- Jay Garner
The Federal Bureau of Investigation and Army crime investigators are looking into a retired Colorado Springs Army officer's assertions that agencies working on the U.S. missile-defense program engaged in contract fraud and abuse.
The allegations include claims that missile-defense contracts were improperly awarded to a company headed by Jay Garner, who last year served briefly as the top U.S. administrator in Iraq.
The Pentagon's Missile Defense Agency confirmed two weeks ago that an investigation is ongoing, after the Independent requested records regarding the original allegations. A spokesman said the agency couldn't release the records because they had been handed over to law-enforcement agents.
"The documents you had requested were included in documents that were provided to the FBI and Army Criminal Investigative Division in conjunction with an investigation underway," wrote the spokesman, Richard Lehner, in an e-mail message.
It is the first time the Pentagon has confirmed that criminal investigators are looking into the claims, which were made almost two years ago by Biff Baker, a former lieutenant colonel at the Army Space Command in Colorado Springs.
It is unclear, however, whether Baker's allegations are the main focus of the investigation.
Millions and millions of dollars
Baker raised concerns about missile-defense contracting practices while working for a civilian contractor, COLSA Corp., in Colorado Springs in March of 2001. Shortly after reporting his concerns to a high-ranking Missile Defense Agency official, Baker was fired from his job. His situation was detailed in an extensive June 13, 2002, Independent cover story, which can be read online at www.csindy.com.
According to Baker, military agencies had awarded missile-defense contracts worth tens of millions of dollars to a California-based contractor, SY Technology, without seeking competitive bids as required by federal law.
SY's president, retired three-star Army Gen. Garner, previously headed the Huntsville, Ala.-based Space and Missile Defense Command, an arm of the Missile Defense Agency. He was also the assistant vice chief of staff for the Army and served on a space-weapons advisory commission chaired by Secretary of Defense Donald Rumsfeld.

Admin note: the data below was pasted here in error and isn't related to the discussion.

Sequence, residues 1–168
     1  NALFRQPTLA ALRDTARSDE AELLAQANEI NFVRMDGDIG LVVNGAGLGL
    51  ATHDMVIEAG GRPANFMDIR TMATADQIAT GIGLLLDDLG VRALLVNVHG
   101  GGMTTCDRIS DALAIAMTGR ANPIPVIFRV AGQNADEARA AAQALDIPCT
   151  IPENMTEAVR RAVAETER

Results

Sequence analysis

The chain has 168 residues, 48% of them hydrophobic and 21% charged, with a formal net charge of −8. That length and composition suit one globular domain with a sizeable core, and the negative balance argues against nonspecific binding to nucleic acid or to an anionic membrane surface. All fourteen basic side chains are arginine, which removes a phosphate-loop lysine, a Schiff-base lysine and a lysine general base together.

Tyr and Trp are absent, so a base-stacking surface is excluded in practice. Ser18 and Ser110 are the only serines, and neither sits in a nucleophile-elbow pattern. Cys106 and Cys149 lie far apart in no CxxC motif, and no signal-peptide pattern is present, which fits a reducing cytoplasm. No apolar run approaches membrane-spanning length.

In a 2001 court deposition that he gave in connection with a civil lawsuit, Garner acknowledged that his company received contract work from his old military buddies -- though he insisted it wasn't a case of cronyism.
"I get business from my friends, but it's not solicited by me," Garner said at the time. "It's given to us because of the quality of our company."
- Sean Cayton
- Biff Baker
In a subsequent interview, Garner said the contracts Baker had singled out in his allegations were extensions and add-ons to work that SY had won legitimately through competitive bidding.
SY Technology went on to sue Baker for libel and slander, claiming he had conspired with one of SY's competitors to defame the company. Baker's allegations had drawn attention from high-ranking military officials and caused SY to lose government contracts, the company claimed in the suit.
Baker eventually settled with SY, saying he couldn't afford to defend himself. He has not spoken publicly about the matter since.
Garner, meanwhile, rose to international prominence when, last February, the Pentagon tapped him to head U.S. reconstruction efforts in Iraq. Garner took leave from his company, which by then had been renamed SYColeman, to accept his new assignment. However, Garner was replaced after just two months by the current U.S. administrator, Paul Bremer, and went back to SY.
Unaware of the probe
Baker's allegations initially sparked inquiries by the General Accounting Office, which is an investigative arm of Congress, and the Army inspector general. Both dropped the matter after conducting preliminary inquiries.
Meanwhile, the Missile Defense Agency also said it would conduct its own internal investigation. When the Independent recently asked to see records on that investigation, the agency denied the request, stating that releasing the information would "deprive an individual of the right to an impartial adjudication" -- suggesting that a law-enforcement action was pending.
Asked to clarify, agency spokesman Lehner said the records had been handed over to the FBI and the Army Criminal Investigation Division.
FBI and Army officials with direct knowledge of the investigation couldn't be reached by press time.
Garner, meanwhile, said he was unaware of the probe.
"I don't know anything about it," he said when reached by phone. "That's the first I've heard of it."
Baker's allegations have been examined extensively already, and no wrongdoing was found, Garner noted.
"There's nothing there at all," Garner said.
-- Terje Langeland